News / Africa

Nigerian Leaders Call on Militants to Revoke Threat

Related Articles

Heather Murdock
After the former Niger Delta militant group known as MEND threatened to attack Muslim interests in retaliation for Boko Haram attacks, Christian leaders and ex-militants are calling on MEND to revoke the threat, and not turn the security crisis in the north into a religious war.

Religion, politics, ethnicity and economic interests all are fault lines in Nigeria that sometimes turn violent, but it is hard to say which of the divisions is most divisive.  

The Movement for the Emancipation of the Niger Delta, or MEND, used to fight against oil companies and the government over Nigeria’s considerable oil wealth, which is all located in the southern Niger Delta region and does little to help the impoverished local people.  

But now MEND - or people claiming to be with MEND - say they will fight over religion. They say they will attack Muslim interests at the end of May in retaliation for years of attacks against Christians by Boko Haram, an insurgent group that advocates a harsh form of Islamic law.

At a church in the Niger Delta, Pastor Sylvester Odemapkore said Christians are not the only victims of Boko Haram attacks. Boko Haram-related violence has killed thousands since the uprising began in 2009, and the group has attacked churches, schools, security forces, government buildings, media houses and marketplaces.

Nearly all the victims, the pastor said, have been in the mostly-Muslim north.

“It’s not only the church that is victims. Both the church, both the Muslim, both the [non-religious body], they are all victims of what is happening too about the killings and all that,” said Odemapkore.

Simeon Efenudu, a former secretary to the Delta State governor and a regional ruling party leader, said that besides calling on MEND to revoke its threat, the government is reaching out to MEND itself.  

“Of course there is dialogue with them. The governor is leading the team to dialogue with them. The governor has a lot of influence and he can always call them and talk to them,” he said.

Other Niger Deltans, including former MEND allies, also are calling on the group to drop their countdown to violence. 

Tony Mezeeh, a lawyer, provided legal advice for MEND in the days of the uprising, which ended in 2009 with a general amnesty. He said Boko Haram attacks are staged by the northern elite to destabilize the government of President Goodluck Jonathan, a southerner.

“MEND should know that the president of the Federal Republic of Nigeria is their own brother from the Niger Delta. So anything they do, they should consider that government,” said Mezeeh.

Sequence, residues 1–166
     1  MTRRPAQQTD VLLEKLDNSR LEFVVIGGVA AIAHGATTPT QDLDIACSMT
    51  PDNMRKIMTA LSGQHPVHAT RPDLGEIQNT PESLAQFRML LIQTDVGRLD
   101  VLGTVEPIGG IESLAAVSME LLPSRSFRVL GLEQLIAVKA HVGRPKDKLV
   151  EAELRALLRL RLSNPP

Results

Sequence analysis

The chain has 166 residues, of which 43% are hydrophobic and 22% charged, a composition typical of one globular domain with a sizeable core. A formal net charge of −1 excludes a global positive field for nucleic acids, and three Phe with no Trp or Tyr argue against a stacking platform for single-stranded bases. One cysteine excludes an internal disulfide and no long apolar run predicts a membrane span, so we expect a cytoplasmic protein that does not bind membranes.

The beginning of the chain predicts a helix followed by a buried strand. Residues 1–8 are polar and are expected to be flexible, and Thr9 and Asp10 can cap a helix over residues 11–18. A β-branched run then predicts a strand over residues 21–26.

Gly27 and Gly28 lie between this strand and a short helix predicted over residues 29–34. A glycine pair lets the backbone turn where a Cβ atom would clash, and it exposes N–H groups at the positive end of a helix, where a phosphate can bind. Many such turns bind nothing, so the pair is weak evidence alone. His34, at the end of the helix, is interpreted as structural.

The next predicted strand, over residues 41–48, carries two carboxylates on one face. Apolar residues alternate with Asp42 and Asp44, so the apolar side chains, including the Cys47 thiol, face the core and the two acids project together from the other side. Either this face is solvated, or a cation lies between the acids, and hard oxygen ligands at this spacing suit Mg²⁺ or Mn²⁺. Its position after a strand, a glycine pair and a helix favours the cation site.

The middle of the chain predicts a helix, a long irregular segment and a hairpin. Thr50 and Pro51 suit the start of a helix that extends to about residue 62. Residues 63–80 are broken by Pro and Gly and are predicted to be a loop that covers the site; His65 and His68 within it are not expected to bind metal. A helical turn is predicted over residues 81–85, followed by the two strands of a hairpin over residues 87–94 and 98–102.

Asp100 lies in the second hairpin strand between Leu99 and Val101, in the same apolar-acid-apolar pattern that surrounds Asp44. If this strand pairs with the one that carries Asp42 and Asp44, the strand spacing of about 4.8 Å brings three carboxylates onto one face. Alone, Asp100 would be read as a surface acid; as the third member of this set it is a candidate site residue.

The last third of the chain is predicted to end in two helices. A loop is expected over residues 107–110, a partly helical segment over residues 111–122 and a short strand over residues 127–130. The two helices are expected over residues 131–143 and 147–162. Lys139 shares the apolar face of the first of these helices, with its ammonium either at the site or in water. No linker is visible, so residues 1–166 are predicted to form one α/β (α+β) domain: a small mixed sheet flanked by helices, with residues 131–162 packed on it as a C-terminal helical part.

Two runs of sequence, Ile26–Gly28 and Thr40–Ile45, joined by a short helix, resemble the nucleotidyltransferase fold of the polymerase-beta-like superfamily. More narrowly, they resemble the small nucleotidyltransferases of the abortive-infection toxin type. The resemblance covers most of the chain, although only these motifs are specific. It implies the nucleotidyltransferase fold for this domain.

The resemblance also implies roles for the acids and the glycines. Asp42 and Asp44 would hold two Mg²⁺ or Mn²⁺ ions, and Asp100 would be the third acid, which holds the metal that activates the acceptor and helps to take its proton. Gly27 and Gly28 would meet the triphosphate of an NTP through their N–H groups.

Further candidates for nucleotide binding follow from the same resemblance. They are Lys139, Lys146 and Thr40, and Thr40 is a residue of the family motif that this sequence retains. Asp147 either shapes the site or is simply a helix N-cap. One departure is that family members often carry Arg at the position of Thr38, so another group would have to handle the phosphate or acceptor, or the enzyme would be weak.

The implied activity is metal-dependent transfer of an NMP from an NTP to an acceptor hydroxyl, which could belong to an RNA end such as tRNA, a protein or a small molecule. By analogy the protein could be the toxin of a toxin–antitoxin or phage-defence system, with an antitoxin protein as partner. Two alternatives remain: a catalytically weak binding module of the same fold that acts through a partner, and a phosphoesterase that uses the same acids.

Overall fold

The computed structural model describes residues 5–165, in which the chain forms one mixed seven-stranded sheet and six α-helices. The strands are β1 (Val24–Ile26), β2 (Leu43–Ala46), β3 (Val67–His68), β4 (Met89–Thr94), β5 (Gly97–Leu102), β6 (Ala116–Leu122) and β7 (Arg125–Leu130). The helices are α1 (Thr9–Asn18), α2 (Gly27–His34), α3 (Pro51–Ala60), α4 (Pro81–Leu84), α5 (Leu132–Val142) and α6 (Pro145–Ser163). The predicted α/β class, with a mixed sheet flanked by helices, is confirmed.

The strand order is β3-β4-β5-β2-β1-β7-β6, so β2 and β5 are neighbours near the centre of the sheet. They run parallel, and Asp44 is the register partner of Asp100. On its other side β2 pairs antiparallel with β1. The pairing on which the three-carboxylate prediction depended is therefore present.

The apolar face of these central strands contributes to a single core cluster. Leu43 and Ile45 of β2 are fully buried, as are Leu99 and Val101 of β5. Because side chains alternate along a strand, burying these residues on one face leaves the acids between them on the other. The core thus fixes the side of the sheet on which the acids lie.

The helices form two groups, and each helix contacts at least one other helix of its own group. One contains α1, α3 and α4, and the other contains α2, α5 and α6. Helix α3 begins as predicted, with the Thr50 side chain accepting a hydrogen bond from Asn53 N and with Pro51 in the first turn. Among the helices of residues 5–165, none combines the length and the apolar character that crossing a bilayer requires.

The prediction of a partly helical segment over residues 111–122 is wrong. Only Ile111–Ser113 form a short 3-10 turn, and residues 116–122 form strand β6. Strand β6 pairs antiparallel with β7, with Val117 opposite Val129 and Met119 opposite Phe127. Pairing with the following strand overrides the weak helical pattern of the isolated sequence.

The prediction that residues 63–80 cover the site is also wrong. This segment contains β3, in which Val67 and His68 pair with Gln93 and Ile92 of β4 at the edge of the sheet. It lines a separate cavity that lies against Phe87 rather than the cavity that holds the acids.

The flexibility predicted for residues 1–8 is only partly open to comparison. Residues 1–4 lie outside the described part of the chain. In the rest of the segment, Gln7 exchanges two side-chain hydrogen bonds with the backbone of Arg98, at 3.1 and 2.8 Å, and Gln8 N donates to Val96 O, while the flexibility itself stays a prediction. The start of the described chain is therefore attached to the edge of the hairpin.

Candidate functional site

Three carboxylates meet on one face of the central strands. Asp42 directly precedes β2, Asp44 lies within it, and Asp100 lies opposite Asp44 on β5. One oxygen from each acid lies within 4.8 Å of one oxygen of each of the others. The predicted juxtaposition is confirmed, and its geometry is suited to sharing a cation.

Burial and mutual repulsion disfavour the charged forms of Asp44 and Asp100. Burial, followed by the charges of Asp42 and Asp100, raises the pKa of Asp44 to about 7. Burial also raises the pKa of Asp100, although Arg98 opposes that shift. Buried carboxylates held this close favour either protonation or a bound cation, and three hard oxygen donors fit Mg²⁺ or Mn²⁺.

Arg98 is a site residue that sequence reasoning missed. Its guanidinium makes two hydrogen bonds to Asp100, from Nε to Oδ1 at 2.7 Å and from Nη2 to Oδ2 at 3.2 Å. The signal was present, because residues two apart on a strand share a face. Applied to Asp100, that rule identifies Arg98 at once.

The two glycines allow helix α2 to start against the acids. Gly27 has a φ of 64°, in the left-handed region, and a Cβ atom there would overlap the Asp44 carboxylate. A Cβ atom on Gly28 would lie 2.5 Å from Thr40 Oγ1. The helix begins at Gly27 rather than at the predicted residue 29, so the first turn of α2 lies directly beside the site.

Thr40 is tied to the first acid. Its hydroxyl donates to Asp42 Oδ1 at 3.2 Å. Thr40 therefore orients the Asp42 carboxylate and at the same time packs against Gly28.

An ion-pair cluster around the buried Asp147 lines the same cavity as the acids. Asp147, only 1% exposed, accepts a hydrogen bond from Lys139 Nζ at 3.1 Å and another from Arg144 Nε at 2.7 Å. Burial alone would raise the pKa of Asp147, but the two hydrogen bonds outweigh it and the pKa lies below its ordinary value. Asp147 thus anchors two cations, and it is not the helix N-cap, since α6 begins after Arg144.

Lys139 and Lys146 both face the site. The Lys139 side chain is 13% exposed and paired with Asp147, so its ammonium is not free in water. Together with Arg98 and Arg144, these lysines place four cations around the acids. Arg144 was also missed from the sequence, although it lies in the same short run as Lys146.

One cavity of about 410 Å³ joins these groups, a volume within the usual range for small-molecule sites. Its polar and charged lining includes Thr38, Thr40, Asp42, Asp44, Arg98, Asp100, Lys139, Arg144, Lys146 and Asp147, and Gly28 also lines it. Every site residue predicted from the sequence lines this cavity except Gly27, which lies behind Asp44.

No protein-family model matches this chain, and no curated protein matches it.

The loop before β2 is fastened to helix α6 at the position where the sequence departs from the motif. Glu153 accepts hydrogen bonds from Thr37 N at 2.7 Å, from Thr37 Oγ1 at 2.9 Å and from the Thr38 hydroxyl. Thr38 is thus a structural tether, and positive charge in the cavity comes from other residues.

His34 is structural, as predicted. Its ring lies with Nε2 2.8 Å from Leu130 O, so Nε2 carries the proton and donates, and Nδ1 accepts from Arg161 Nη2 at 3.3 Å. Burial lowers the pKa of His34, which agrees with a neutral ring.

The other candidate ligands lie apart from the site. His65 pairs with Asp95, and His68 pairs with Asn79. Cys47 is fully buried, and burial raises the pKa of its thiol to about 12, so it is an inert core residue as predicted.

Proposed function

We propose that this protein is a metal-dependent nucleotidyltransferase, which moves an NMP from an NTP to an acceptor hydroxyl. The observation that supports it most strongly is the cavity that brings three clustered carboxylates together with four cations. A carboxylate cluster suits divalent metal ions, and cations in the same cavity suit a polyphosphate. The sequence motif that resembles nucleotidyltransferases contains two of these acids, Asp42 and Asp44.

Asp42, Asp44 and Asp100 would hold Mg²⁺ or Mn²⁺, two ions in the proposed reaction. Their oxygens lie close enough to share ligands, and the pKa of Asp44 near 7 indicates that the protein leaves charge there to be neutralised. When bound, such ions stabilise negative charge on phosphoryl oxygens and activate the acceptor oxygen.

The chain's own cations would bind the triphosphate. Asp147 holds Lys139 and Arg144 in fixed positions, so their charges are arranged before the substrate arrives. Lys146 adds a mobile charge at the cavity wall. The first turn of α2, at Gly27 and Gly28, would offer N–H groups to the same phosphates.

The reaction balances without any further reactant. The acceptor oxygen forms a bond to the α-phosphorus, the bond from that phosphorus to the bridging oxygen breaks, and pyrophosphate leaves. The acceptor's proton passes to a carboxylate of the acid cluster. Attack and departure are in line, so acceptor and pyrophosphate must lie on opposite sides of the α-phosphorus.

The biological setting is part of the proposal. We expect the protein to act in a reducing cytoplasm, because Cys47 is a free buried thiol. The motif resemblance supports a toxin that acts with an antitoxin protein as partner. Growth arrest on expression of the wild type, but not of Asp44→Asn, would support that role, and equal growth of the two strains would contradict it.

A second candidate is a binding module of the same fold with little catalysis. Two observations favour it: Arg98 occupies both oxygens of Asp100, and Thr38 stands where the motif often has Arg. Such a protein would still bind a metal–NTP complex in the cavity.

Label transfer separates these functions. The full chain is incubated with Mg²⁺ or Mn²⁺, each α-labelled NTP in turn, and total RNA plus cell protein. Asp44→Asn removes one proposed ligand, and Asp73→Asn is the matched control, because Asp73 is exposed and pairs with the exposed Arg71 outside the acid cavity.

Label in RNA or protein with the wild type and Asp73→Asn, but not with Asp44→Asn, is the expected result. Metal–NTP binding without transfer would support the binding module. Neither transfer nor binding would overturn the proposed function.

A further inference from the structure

Andrew Ebire is a former militant who traded in his gun for a chance to learn how to fix computers and a small stipend from the amnesty program. He said he does not think the threat even comes from the organization he knew as MEND, which was fighting for economic freedom.

"However, the threat may be real because any group of people can attack anyone and call themselves MEND," said Ebire.

Besides issuing the threat, MEND this month claimed responsibility for killing 12 police officers and causing a massive oil spill.

You May Like

Republican Majority in Congress Off to Rough Start

Standoff over Homeland Security funding exposes philosophical, tactical problems within party More

Pakistan Blocks Baloch Activist from US Trip

Human Rights Commission of Pakistan slams Islamabad officials for stopping people from leaving country to attend human rights conference More

Video Muslims Long Thrived in North Carolina Before Students Killed

Idyll shattered February 10, when three Muslim university students living in Chapel Hill were gunned down by a neighbor More

This forum has been closed.
Comments
     
There are no comments in this forum. Be first and add one

Featured Videos

Your JavaScript is turned off or you have an old version of Adobe's Flash Player. Get the latest Flash player.
Muslims Long Thrived in N Carolina Before Slaying of 3 Studentsi
X
Jerome Socolovsky
March 05, 2015 9:04 PM
The killings of three Muslim students in North Carolina early last month came as Muslims across the United States have felt under siege, partly as a result of terrorist attacks being committed internationally in the name of their faith. But Muslims have long thrived in university cities in this part of the American South. VOA's Jerome Socolovsky reports.
Video

Video Muslims Long Thrived in N Carolina Before Slaying of 3 Students

The killings of three Muslim students in North Carolina early last month came as Muslims across the United States have felt under siege, partly as a result of terrorist attacks being committed internationally in the name of their faith. But Muslims have long thrived in university cities in this part of the American South. VOA's Jerome Socolovsky reports.